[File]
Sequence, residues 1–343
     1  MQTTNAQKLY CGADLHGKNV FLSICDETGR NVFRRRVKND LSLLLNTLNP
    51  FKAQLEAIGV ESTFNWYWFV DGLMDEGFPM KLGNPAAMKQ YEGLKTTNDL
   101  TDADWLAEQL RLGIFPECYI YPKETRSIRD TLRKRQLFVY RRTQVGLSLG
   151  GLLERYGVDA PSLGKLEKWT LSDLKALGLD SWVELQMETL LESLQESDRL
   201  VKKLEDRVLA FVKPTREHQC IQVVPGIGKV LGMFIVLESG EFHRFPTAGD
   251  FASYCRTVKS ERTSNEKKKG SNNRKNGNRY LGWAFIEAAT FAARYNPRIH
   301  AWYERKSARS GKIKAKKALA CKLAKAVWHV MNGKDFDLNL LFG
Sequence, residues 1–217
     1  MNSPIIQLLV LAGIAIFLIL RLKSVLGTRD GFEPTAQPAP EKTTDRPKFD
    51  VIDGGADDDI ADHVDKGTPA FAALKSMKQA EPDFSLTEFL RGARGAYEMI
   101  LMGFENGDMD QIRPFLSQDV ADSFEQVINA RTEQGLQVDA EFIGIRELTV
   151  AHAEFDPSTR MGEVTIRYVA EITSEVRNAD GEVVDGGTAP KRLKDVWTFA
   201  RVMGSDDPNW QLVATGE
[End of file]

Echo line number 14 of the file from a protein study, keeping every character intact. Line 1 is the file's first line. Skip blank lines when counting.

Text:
   201  RVMGSDDPNW QLVATGE